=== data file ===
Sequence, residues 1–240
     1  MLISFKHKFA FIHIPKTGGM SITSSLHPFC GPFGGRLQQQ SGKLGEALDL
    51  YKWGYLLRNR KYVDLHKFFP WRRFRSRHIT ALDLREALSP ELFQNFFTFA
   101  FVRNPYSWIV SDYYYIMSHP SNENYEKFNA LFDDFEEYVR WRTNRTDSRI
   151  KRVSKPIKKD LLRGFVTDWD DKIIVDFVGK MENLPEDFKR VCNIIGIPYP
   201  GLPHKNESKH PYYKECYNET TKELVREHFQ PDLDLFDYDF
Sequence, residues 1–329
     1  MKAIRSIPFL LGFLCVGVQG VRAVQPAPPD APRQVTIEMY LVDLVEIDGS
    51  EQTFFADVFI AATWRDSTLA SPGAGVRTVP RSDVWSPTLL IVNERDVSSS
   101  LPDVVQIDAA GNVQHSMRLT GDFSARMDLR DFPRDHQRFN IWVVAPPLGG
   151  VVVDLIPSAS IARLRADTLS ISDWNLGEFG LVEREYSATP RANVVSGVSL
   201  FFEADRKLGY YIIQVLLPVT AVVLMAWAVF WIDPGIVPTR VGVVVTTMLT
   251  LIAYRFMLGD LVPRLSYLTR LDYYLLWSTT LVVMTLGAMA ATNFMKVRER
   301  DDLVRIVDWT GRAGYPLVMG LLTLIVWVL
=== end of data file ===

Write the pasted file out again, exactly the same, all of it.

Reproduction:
Sequence, residues 1–240
     1  MLISFKHKFA FIHIPKTGGM SITSSLHPFC GPFGGRLQQQ SGKLGEALDL
    51  YKWGYLLRNR KYVDLHKFFP WRRFRSRHIT ALDLREALSP ELFQNFFTFA
   101  FVRNPYSWIV SDYYYIMSHP SNENYEKFNA LFDDFEEYVR WRTNRTDSRI
   151  KRVSKPIKKD LLRGFVTDWD DKIIVDFVGK MENLPEDFKR VCNIIGIPYP
   201  GLPHKNESKH PYYKECYNET TKELVREHFQ PDLDLFDYDF
Sequence, residues 1–329
     1  MKAIRSIPFL LGFLCVGVQG VRAVQPAPPD APRQVTIEMY LVDLVEIDGS
    51  EQTFFADVFI AATWRDSTLA SPGAGVRTVP RSDVWSPTLL IVNERDVSSS
   101  LPDVVQIDAA GNVQHSMRLT GDFSARMDLR DFPRDHQRFN IWVVAPPLGG
   151  VVVDLIPSAS IARLRADTLS ISDWNLGEFG LVEREYSATP RANVVSGVSL
   201  FFEADRKLGY YIIQVLLPVT AVVLMAWAVF WIDPGIVPTR VGVVVTTMLT
   251  LIAYRFMLGD LVPRLSYLTR LDYYLLWSTT LVVMTLGAMA ATNFMKVRER
   301  DDLVRIVDWT GRAGYPLVMG LLTLIVWVL